Let me get right to the point. The below achievement statement written for an IT Director is bloated with non-relevant information, it’s dreadfully long and far too dense for what’s it’s trying to say, and it emphases the wrong part of the achievement. But it is a perfect opportunity to illustrate the difference between a resume written by someone with experience in IT and one who lacks that experience.
Drove the development of a software project integrating a geographically dispersed development team to reduce cost. Launched a fresh approach to leverage existing staff and co-located development efforts by introducing daily SCRUM meetings and a SharePoint Portal workspace detailing all communications, tasks, issues and meeting minutes. Delivered project on-time and successfully led a co-located development team by instilling team member ownership, leveraging tools that enabled collaboration and establishing policies that guided team.
In this blog, I’ll examine the problems with each part of this statement and then develop a shorter and more concise description that does a better job of highlighting the client’s achievements.Software project: We never learn what project the senior IT manager was working on. Describing the project, even briefly, might make it easier to understand why SCRUM was selected. A geographically dispersed development team: Too wordy, reduce to ‘remote development team’ because the phrase is commonly understood and used. To reduce cost: Very weak. Remember that the job of IT is to continuously refine processes, enhance functionality, and reduce costs. Launched a fresh approach: SCRUM is not a fresh approach; it has been around for more than 20 years. This was taken from the resume of a former software developer so he should be thoroughly familiar with SCRUM and other agile methods. Co-located development efforts It was already been stated that the team was remote so why is this repeatedly mentioned? It’s not even a significant part of the achievement. Daily SCRUM meetings: I know this is nitpicking but all SCRUM meetings are daily, its part of the development process. Detailing all communications, tasks, issues and meeting minutes: Too much detail to include, people already know how SharePoint is used. I understand that sometimes you need to provide detail so it appeals to HR and IT hiring managers but this is overdone. Leveraging tool and leveraging existing staff: The word “leverage” is used twice in this one achievement and, in one case, it’s used incorrectly. “Leverage” is about exerting influence in cause-effect chains to gain some advantage and meet goals. It is not about tools. Tools that enabled collaboration: Too wordy, reduce to "collaborative tool." Instilling team member ownership: This is a confusing statement because it’s thrown in at the end of the bullet item and isn’t connected to anything else. Establishing policies that guided team: Every team needs policies so why is this significant? Is this supposed to be connected with the SCRUM methodology? Before: Drove the development of a software project integrating a geographically dispersed development team to reduce cost. Launched a fresh approach to leverage existing staff and co-located development efforts by introducing daily SCRUM meetings and a SharePoint Portal workspace detailing all communications, tasks, issues and meeting minutes. Delivered project on-time and successfully led a co-located development team by instilling team member ownership, leveraging tools that enabled collaboration and establishing policies that guided team. After:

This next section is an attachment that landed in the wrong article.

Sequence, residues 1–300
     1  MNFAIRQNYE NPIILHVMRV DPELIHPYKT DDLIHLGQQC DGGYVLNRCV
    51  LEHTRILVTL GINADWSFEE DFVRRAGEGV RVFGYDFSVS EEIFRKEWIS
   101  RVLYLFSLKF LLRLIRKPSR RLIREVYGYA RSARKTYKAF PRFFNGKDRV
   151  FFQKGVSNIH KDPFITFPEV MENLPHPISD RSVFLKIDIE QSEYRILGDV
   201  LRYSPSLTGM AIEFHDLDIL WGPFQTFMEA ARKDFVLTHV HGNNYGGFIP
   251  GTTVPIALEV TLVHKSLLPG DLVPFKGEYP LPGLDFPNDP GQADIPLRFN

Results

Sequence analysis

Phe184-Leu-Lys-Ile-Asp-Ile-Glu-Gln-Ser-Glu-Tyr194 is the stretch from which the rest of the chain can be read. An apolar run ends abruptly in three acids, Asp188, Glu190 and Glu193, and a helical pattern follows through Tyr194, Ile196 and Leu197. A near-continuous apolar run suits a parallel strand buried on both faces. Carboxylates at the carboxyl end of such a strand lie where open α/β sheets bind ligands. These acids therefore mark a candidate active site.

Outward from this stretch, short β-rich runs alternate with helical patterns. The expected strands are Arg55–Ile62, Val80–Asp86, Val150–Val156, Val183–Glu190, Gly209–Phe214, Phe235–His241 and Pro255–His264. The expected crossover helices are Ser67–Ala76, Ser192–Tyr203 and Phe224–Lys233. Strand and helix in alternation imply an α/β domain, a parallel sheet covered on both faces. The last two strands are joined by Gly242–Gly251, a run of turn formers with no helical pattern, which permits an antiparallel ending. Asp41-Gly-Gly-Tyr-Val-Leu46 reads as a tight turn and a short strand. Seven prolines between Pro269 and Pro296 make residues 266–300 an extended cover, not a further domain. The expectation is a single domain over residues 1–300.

- Introduced SCRUM to newly formed remote team accelerating delivery of a project that was struggling with elusive requirements and poor communications between team, project manager, and client.
- Utilized SharePoint collaborative workspace for development team to analyze constant client feedback.
- Led team to deliver project on time, keeping people accountable and the process transparent. Gained team commitment to and confidence in producing workable features in rapid development cycles.
Here is my reasoning for each bullet item, keeping in mind that everything within an achievement statement should connect and flow, as much as is possible in the condensed format of a resume.
- The primary bullet item describes a project that would be an ideal candidate for SCRUM so it makes perfect sense that this methodology was selected.
- Many teams use SharePoint to collaborate and share information but in this case, it’s a great choice for remote SCRUM teams that are constantly gathering and evaluating client feedback. All IT projects need collaborative teams so this isn’t particularly significant unless you understand the reason.
- In the final bullet item, I’ve connected why it was important to "instill team member ownership" with the methodology that was selected.